When I was out of the hospital and back home, I felt I had to do something. I couldn’t just wait around thinking that I had no influence and seeing if things improved or not. I went to the library and checked out every book on bowel cancer to learn and read about my condition. There I read about a clinic that can test whether your cancer is hereditary. I then also had this test done. They also put together my family tree and diagnosed HNPCC (hereditary nonpolyposis ).

After getting out of the hospital I had rehabilitation treatment at a health resort. It was then that I realized I had to start doing more. I can’t just think that the cancer has been cut out now and everything has been taken care of. I wanted to make sure that the cancer never comes back. It was while I was at the health resort that I happened to meet my current doctor. That was the best thing that could've happened to me.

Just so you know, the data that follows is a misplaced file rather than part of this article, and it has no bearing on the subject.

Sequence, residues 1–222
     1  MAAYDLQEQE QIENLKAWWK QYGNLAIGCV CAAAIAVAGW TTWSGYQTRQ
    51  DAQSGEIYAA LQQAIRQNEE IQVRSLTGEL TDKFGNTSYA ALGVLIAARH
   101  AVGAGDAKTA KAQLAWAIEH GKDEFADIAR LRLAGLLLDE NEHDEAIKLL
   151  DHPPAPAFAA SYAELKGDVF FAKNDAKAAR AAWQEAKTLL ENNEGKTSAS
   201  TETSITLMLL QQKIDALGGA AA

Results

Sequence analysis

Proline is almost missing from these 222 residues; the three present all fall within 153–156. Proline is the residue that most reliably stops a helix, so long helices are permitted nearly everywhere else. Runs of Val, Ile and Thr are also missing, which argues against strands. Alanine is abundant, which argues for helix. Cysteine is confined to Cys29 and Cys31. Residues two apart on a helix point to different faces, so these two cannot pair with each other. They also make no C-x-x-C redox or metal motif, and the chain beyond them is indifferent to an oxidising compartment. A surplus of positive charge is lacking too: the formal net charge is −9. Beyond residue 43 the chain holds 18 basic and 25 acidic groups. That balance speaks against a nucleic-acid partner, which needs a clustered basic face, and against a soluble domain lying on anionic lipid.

I now regularly have a colonoscopy once a year. The colonoscopy isn’t painful at all – it isn’t a big deal. There’s no reason to be scared of having it done.

My quality of life is one of my main priorities

I do a lot of sports and eat healthy food. I make sure that I do things that I enjoy. I now have a membership at a really nice gym. When I work out for two hours and then go in the sauna and jacuzzi, I notice that it's simply good for both my body and my soul. I now go three times a week. My quality of life is one of my main priorities.

In the past five years I have only had one cold, last year, and that’s all. My is very stable. I think that I have stayed so healthy up to now by doing all of these things.

I'm also trying to have things in my life that are good for me. Back when I had just left the hospital, I visited an animal shelter and adopted a dog. I had always wanted to have a dog, and having him is the best therapy I can imagine. When I’m not feeling that great, I take my dog and then go for a walk through the forest and over the fields. I also take along some music to listen to and then I start feeling better.